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Title: Investigation into the colouration of polypropylene
Author: Zeng, Fuquan
ISNI:       0000 0004 2724 8970
Awarding Body: University of Manchester
Current Institution: University of Manchester
Date of Award: 2002
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Polypropylene (PP) offers many advantages to the textile processor in terms of its durability and end use properties. However, a major technical flaw of PP is its inability to be dyed due to its relative lack of dye adsorption sites and high crystallinity. Therefore it is primarily mass pigmented, with pigment incorporated into the polymer melt prior to extrusion. While this approach offers a successful commercial route it does lack process flexibility. Some research has focused on modifying the polymer structure by incorporating dyeable copolymers or chemically degrading the base polymer by aqueous treatments to create polar groups for dye adsorption. However, both of these approaches have had little success due to processing difficulties, excessive deterioration of polymer properties and cost. In this study the primary thrust of the research has been to evaluate the use of dry gaseous fluorine treatments to modify the PP fibre and create dyeability and better colour fastness. XPS and FTIR indicate reaction between fluorine and the polypropylene fibre and the introduction of carboxyl groups and fluorine into the polymer. The introduction of these carboxyl groups and strongly electronegative negative fluorine leads to the fibre's enhanced basic dyeability. SEM analysis showed the impact of fluorine exposure on fibre surface morphology is relatively small. The effectiveness of pre-treatments on pigment dyeing and printing has also been evaluated. Colour fastness was significantly improved by a gaseous fluorine pretreatment of the textile substrate. The Helizarin Binder UDR pigment dyed system showed better performance in terms of colour fastness than other commercial binder systems evaluated. Optimisation of the binder to pigment ratio has been achieved in order to obtain good colour fastness. The dycability of moulded polyacetal zips was also examined in order to potentially replace the current mass pigmentation process. Fluorine pre-treatments showed no benefits in the overall colouration. properties in terms of long liquor dyeability or pigment dyeing. Of the disperse dyes evaluated the "high performance" SF and XF classes had the best colour fastness, in particular Dispersol Red CBN-SF, Dispersol Blue XF and Dispersol Flavine XF. A range of after-treatments were evaluated and a "reduction cleae, significantly improved the colour fastness. The polyacetal/polyester zip construction offered significant colouration difficulties due to the inherent problem of achieving a uniform, compatible, "soliX' dye shade. Although some success was achieved, commercial utilisation is less likely due to increasing process complexity.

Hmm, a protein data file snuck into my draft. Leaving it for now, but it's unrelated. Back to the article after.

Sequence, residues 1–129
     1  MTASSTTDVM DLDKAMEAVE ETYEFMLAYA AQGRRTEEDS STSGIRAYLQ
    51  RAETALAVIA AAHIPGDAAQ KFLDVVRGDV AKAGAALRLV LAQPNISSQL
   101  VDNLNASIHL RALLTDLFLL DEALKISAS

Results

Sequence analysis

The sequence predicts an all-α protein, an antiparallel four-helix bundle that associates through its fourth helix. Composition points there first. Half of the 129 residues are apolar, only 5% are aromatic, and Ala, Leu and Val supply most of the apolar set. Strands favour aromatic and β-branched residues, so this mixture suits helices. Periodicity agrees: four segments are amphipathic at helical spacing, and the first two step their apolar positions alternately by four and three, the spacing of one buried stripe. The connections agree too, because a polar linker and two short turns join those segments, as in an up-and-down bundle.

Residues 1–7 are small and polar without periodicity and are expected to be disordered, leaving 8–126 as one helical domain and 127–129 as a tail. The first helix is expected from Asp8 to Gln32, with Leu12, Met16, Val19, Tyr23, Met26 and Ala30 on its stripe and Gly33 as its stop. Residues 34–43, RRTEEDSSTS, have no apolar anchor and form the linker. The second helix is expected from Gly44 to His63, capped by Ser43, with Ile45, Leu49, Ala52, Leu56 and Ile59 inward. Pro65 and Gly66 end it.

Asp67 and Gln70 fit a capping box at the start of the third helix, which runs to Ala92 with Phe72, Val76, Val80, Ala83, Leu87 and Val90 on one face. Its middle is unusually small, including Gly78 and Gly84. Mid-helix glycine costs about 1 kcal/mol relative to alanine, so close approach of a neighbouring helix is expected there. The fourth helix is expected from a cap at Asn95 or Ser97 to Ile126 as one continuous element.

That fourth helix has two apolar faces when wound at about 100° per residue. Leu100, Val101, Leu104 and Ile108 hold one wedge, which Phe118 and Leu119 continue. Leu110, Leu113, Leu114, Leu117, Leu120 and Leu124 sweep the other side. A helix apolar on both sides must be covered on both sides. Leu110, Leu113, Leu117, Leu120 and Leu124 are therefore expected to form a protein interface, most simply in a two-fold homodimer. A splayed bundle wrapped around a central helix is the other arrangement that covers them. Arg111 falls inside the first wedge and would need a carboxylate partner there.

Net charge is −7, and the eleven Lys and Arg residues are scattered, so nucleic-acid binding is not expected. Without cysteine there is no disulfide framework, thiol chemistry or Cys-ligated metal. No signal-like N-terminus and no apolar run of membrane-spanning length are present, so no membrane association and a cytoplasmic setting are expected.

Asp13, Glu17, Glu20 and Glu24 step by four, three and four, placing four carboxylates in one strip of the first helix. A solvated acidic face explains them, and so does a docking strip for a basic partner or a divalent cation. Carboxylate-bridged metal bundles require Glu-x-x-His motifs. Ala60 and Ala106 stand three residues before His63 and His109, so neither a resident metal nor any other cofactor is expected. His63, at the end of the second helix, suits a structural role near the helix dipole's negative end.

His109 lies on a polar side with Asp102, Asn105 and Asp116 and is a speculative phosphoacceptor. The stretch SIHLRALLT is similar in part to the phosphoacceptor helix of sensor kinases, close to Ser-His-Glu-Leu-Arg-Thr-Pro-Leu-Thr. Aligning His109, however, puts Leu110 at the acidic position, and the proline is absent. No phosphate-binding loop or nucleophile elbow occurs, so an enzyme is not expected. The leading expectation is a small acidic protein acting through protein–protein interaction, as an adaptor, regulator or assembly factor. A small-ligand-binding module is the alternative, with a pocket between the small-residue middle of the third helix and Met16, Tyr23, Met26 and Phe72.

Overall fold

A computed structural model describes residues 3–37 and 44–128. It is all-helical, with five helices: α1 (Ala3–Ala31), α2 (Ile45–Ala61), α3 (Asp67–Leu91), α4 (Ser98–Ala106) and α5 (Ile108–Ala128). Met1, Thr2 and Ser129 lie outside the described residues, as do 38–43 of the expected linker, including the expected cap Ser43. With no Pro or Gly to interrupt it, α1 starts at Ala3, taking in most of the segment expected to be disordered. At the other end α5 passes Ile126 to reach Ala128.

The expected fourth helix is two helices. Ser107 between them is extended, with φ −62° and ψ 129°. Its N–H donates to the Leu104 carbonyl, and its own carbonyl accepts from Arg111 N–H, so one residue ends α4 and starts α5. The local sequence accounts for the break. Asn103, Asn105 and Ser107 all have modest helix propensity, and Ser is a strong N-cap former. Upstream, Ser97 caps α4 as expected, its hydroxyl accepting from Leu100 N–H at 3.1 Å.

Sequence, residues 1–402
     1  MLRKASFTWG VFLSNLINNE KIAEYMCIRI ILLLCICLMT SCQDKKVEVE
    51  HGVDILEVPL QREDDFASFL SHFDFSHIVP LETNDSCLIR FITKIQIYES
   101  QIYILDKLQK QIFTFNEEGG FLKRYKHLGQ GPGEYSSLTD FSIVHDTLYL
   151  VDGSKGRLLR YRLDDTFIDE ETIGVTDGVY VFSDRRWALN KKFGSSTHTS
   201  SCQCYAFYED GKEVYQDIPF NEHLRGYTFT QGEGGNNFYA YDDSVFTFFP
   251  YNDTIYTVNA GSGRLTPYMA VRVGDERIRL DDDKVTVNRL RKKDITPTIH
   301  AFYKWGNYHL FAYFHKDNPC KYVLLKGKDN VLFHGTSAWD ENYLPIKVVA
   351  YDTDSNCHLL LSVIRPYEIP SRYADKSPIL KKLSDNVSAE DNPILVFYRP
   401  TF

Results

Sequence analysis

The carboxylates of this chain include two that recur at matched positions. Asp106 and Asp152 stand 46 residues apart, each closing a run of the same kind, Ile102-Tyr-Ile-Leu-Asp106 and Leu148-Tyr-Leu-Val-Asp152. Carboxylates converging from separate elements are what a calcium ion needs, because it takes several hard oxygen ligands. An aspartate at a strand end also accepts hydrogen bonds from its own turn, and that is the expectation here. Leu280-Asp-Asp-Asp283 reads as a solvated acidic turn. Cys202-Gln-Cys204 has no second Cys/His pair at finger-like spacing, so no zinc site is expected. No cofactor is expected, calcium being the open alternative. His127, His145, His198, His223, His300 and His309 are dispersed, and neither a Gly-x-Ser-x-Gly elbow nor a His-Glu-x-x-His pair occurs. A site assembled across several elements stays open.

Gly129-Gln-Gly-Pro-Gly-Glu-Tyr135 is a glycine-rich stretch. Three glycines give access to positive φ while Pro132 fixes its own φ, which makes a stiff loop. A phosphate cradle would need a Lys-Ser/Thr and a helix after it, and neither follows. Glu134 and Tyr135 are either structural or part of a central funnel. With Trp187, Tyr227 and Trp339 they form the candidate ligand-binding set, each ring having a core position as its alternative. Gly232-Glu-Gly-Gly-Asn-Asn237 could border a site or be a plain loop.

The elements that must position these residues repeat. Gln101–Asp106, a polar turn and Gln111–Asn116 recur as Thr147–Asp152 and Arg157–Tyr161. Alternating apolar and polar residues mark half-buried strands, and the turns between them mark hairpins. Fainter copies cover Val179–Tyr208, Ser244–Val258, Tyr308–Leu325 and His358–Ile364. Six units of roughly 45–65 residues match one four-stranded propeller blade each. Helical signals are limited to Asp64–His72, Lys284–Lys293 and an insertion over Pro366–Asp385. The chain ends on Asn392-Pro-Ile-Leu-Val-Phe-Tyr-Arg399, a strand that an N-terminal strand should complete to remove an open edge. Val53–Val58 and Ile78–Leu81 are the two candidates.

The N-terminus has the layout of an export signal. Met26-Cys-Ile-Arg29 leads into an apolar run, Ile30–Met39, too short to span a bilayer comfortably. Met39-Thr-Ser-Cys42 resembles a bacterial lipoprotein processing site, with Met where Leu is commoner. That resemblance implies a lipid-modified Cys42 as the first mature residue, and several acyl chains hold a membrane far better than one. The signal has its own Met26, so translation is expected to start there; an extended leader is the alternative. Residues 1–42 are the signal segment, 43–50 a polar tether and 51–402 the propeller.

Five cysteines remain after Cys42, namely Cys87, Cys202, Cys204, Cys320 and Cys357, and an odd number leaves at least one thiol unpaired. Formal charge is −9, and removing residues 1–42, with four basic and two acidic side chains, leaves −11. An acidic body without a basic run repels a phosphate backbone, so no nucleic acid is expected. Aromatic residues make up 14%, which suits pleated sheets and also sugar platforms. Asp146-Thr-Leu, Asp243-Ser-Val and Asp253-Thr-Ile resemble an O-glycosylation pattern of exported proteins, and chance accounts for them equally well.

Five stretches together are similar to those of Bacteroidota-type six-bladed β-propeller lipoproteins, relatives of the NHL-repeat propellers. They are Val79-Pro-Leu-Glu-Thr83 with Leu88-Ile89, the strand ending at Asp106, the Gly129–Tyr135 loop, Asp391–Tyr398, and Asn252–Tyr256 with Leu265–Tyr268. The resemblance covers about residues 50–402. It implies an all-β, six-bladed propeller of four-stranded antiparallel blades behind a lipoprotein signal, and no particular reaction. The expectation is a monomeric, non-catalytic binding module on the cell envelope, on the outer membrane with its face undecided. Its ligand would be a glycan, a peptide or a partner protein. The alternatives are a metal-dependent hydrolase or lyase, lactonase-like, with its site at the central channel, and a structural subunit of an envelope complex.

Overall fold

Supervisor: Not available Sponsor: Not available
Qualification Name: Thesis (Ph.D.) Qualification Level: Doctoral
EThOS ID:  DOI: Not available